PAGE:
“Yes that’s a gun in my hand. Yes it’s pointed at your head. And no, I have no intention of pulling the trigger. Would you like some whiskey?”
More on this hypothetical line of thought below.
But first, all appears to be right with the world today. Stocks are up locally. Last night in New York investors got it in their pretty little heads that earnings for corporate America were better than expected. The catalyst for that notion came from a $136 million net profit from aluminium producer Alcoa.
That’s definitely good news for Alcoa. But how does it measure up against the big picture we laid out yesterday? Can you continue to have good corporate earnings performances in an economy that’s in the middle of a structural deleveraging?
Maybe. We doubt it. Most companies will see smaller profits and less growth if households deleverage. And of course, households are deleveraging partly because businesses are deleveraging too. And business spending, for the most part, drives growth in household incomes.
But what are we talking about anyway? Australia is not America. And Australia isn’t deleveraging at all. As Steve Keen pointed out awhile back, Australia was one of few countries where households actually RE-leveraged during the GFC. Household debt – mostly mortgage debt – is now 155% of GDP according to the Reserve Bank of Australia. It was either a very contrarian move…or a case of animal spirits gone wild!
Of course you need to feel like tomorrow is going to be better than today in order to take a risk. This is fundamental not just to markets, but, we reckon, to life as well. Otherwise, why else would you get out of bed if you didn’t things were going to be better? Why would you go out on a first date…or lean in for a first kiss…or sign your first pre-nuptial agreement?
Growing economies…growing people…growing anything…it all requires the proper spirit of enterprise.
But life is not a theory. How you feel about something is how you feel about it. It doesn’t alter what the thing is. We realise this point is arguable if you’re a physicist. And it might even be arguable if you’re an economist. After all, what people are willing to pay for something is part of what prices communicate, and prices vary based on an aggregation of personal preferences (another miracle of the market).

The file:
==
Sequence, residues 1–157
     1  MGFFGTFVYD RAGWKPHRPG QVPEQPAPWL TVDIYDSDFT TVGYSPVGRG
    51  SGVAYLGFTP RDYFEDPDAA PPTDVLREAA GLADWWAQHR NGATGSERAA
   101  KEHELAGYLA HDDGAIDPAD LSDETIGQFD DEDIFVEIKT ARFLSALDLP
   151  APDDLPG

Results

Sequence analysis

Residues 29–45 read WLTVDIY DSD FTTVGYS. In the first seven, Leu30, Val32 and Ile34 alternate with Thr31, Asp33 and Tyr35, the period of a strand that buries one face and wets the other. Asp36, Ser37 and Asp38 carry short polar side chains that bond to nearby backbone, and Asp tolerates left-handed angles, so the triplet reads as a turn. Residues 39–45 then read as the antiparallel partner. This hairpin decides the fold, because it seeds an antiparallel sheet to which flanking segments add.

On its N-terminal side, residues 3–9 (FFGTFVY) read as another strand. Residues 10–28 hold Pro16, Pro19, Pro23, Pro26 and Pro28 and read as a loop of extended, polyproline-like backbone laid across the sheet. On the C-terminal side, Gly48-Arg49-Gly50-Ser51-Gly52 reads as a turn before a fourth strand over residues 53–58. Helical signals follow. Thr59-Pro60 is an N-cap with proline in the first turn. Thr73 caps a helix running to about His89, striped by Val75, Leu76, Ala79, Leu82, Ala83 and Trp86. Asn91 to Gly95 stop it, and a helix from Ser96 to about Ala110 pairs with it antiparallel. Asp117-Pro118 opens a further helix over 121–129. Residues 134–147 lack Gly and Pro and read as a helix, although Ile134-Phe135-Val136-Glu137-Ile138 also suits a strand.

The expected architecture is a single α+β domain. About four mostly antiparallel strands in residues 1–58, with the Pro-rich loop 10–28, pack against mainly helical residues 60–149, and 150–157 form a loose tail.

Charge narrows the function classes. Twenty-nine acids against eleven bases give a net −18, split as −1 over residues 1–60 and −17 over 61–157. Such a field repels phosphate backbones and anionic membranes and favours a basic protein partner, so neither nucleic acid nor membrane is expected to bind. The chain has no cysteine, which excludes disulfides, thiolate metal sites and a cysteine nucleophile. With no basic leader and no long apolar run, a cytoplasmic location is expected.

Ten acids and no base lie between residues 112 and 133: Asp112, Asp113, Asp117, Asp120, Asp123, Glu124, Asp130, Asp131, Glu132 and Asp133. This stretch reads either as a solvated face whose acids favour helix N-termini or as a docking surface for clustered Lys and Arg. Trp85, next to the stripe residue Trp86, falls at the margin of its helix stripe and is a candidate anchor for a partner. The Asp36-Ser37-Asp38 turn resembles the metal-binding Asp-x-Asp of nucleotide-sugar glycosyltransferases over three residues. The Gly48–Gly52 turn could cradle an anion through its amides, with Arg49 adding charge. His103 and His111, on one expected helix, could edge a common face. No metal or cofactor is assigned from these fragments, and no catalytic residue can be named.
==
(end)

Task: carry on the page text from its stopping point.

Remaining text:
And what people are willing to pay is influenced by whether they think, economically, every day is getting better and better (in which case they buy a tall latte with extra caramel and emerging market bonds or commodity currencies) or whether they think things are not getting better (in which case they hoard cash and gold and drink tap water and read Foucault and Derrida while buying extra razor blades).
But sentiment and confidence are not the ultimate factors, we’d argue, in deciding what a thing is worth. Or whether a thing is even a thing. Which brings us back to the subject of bank capital.
Yes, you’d think it would be pretty straight forward deciding what a capital asset is and what it is not. Definitions shouldn’t be that hard, unless you’re deliberately trying to confuse people. A capital asset – an asset whose purpose is to make money – should be tangible, relatively easy to value, and thus form the foundation for a well-capitalised company.
You’d think. If you think.
But along comes this stunner of an article from Bloomberg yesterday. You know the world’s banking system is well and truly stuffed when bankers can’t even agree amongst each other on what capital is. The reason they’re disagreeing, you’d suspect, is that depending on the definition, some firms are better capitalised than others. And some are not well capitalised at all.